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Am J Gastroenterol. 2017 Jul;112(7):1103-1110. doi: 10.1038/ajg.2017.122. Epub 2017 Apr 25.

Acute Kidney Injury in Cirrhosis: Baseline Serum Creatinine Predicts Patient Outcomes.

Author information

1
University of Toronto, Toronto, Ontario, Canada.
2
Baylor University Medical Center, Dallas, Texas, USA.
3
University of Pennsylvania, Philadelphia, Pennsylvania, USA.
4
Yale University, New Haven, Connecticut, USA.
5
Health Science Center, University of Texas, Houston, Texas, USA.
6
University of Colorado Denver, Denver, Colorado, USA.
7
Emory University, Atlanta, Georgia, USA.
8
Mercy Medical Center &University of Maryland School of Medicine, Baltimore, Maryland, USA.
9
Mayo Clinic, Rochester, Minnesota, USA.
10
University of California San Diego, San Diego, California, USA.
11
University of Rochester, Rochester, New York, USA.
12
University of Alberta, Edmonton, Alberta, Canada.
13
Mayo Clinic, Scottsdale, Arizona, USA.
14
Biostatisitcs, Virginia Commonwealth University and McGuire VA Medical Center, Richmond, Virginia, USA.
15
Medicine, Virginia Commonwealth University and McGuire VA Medical Center, Richmond, Virginia, USA.

Abstract

OBJECTIVES:

The International Ascites Club (IAC) recently defined Stage 1 acute kidney injury (AKI) for cirrhosis as an acute increase in serum creatinine (SCr) by ≥0.3 mg/dl or by ≥50% in <48 h from a stable value within 3 months. The baseline SCr may influence AKI risk and patient outcomes. The objective of this study is to determine in cirrhosis whether the baseline SCr has any effect on the in-hospital AKI course and patient survival.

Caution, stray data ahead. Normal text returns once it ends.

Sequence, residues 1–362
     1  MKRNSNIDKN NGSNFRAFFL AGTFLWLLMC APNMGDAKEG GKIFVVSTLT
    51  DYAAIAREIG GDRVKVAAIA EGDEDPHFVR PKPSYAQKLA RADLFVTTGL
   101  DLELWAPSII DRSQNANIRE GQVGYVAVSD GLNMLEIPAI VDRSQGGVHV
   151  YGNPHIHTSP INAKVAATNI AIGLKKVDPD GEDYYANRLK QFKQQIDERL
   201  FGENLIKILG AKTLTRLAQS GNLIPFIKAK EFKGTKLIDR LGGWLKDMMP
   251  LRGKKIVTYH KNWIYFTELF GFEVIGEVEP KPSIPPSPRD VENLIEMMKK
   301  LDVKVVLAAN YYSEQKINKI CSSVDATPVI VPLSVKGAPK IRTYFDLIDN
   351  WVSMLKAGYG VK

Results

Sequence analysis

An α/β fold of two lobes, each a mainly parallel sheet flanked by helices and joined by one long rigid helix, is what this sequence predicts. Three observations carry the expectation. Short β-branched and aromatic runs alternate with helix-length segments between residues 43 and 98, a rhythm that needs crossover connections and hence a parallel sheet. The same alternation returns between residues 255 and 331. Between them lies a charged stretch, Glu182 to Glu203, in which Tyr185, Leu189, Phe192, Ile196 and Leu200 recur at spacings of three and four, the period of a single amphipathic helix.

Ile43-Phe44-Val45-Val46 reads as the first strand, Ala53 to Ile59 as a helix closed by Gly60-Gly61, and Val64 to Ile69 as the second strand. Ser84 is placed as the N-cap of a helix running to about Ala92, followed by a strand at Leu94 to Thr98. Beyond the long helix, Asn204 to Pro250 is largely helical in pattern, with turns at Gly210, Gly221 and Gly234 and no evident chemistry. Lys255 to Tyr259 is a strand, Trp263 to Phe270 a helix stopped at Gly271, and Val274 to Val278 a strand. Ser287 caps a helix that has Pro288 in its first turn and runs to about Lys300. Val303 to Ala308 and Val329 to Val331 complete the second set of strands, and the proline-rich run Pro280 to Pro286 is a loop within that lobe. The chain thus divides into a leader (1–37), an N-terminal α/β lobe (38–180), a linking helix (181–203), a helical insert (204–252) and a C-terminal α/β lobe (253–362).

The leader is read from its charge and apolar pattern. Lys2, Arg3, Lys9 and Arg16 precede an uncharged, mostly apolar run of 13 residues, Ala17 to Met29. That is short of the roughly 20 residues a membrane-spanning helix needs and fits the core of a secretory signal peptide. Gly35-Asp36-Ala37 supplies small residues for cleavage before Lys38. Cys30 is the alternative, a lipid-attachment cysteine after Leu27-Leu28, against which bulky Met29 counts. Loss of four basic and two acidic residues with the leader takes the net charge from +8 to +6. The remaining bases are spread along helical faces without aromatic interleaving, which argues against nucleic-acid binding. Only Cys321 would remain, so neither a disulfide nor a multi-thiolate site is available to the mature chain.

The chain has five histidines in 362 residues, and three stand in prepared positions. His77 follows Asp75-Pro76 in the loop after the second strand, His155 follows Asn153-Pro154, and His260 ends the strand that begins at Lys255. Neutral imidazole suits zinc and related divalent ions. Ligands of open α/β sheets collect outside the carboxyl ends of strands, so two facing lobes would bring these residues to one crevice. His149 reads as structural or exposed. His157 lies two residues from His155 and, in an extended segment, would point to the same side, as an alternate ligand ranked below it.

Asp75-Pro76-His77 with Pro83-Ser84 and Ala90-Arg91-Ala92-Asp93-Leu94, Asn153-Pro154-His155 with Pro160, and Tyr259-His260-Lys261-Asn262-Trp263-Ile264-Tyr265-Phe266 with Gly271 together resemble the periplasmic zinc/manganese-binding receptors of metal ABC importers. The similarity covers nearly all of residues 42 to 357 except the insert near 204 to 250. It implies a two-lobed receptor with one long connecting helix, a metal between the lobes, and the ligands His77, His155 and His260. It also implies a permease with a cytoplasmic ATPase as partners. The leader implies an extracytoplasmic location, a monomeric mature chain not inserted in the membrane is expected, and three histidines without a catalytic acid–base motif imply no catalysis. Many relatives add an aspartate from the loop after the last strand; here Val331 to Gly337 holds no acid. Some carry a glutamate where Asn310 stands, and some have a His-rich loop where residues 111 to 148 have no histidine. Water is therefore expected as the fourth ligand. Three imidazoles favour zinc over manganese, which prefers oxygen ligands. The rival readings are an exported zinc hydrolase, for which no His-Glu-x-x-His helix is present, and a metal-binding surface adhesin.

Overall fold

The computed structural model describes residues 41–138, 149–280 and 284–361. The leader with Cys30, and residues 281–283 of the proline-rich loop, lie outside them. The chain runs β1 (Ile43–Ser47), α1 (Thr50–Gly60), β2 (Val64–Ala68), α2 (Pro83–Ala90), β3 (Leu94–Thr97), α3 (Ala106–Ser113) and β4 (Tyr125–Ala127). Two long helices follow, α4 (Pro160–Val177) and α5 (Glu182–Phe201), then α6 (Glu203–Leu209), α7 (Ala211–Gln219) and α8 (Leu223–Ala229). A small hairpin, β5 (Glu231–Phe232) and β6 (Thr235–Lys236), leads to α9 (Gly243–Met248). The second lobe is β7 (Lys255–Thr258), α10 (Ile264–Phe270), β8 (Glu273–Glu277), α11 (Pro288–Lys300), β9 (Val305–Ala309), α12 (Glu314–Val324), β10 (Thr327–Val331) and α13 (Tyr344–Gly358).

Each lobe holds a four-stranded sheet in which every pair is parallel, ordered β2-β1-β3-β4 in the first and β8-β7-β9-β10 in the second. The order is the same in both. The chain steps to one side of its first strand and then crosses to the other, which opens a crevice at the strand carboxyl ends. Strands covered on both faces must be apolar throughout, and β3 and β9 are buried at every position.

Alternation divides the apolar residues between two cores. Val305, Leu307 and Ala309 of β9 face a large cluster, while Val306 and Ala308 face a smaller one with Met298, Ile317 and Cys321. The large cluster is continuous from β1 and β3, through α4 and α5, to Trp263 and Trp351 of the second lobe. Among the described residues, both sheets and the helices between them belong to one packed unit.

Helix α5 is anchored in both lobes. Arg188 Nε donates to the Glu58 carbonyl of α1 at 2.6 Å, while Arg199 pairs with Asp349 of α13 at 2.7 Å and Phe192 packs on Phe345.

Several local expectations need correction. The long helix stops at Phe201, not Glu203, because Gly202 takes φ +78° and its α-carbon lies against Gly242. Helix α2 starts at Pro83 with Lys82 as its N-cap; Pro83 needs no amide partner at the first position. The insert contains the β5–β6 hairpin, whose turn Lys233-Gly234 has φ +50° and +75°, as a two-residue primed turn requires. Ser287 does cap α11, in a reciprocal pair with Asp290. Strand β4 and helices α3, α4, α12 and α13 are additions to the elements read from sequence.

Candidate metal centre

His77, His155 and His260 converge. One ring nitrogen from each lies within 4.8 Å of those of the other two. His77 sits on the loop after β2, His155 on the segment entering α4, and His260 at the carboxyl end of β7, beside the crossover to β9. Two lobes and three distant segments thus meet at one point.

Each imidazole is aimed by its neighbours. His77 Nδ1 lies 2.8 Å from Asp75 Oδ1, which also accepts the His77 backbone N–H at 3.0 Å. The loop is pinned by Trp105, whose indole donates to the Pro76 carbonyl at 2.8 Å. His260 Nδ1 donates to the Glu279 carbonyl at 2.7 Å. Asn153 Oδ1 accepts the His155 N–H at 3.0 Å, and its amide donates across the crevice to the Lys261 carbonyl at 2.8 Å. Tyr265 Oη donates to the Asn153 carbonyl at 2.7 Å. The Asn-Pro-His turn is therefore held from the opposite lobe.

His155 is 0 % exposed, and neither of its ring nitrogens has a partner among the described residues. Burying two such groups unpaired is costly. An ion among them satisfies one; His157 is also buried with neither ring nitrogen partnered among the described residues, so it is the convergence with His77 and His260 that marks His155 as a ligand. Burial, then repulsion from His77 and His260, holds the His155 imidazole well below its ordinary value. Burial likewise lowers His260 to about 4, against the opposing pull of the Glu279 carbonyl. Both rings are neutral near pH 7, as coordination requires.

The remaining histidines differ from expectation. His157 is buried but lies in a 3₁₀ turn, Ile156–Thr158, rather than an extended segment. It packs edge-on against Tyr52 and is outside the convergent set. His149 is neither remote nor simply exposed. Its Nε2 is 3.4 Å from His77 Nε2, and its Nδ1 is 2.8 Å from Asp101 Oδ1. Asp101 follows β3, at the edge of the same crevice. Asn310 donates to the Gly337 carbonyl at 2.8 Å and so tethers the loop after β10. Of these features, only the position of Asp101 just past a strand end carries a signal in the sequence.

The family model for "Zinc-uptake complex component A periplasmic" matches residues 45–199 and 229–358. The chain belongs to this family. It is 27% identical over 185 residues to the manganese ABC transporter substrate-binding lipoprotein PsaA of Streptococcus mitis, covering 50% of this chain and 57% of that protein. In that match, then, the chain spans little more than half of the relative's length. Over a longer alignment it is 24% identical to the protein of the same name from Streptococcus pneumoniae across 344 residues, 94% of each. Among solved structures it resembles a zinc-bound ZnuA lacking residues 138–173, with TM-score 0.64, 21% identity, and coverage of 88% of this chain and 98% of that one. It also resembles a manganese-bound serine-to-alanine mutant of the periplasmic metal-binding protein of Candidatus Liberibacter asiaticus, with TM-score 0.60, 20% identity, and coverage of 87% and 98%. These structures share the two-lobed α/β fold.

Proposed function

METHODS:

North American Consortium for the Study of End-Stage Liver Disease is a consortium of tertiary-care hepatology centers prospectively enroling non-elective cirrhotic inpatients. Patients with different baseline SCr levels (≤0.5, 0.51-1.0, 1.01-1.5, >1.5 mg/dl) were evaluated for the development of AKI, and compared for AKI outcomes and 30-day survival.

RESULTS:

653 hospitalized cirrhotics (56.7±10years, 64% men, 30% with infection) were included. The incidence of AKI was 47% of enrolled patients. Patients with higher baseline SCr were more likely to develop AKI, with significantly higher delta and peak SCr (P<0.001) than the other groups, more likely to have a progressive AKI course (P<0.0001), associated with a significantly reduced 30-day survival (P<0.0001). Multivariate logistic regression showed that the delta SCr during an AKI episode to be the strongest factor impacting AKI outcomes and survival (P<0.001), with a delta SCr of 0.70 mg/dl having a 68% sensitivity and 80% specificity for predicting 30-day mortality.

CONCLUSIONS:

Admitted cirrhotic patients with higher baseline SCr are at higher risk for in-hospital development of AKI, and more likely to have AKI progression with reduced survival. Therefore, such patients should be closely monitored and treated promptly for their AKI.

PMID:
28440305
DOI:
10.1038/ajg.2017.122
[Indexed for MEDLINE]

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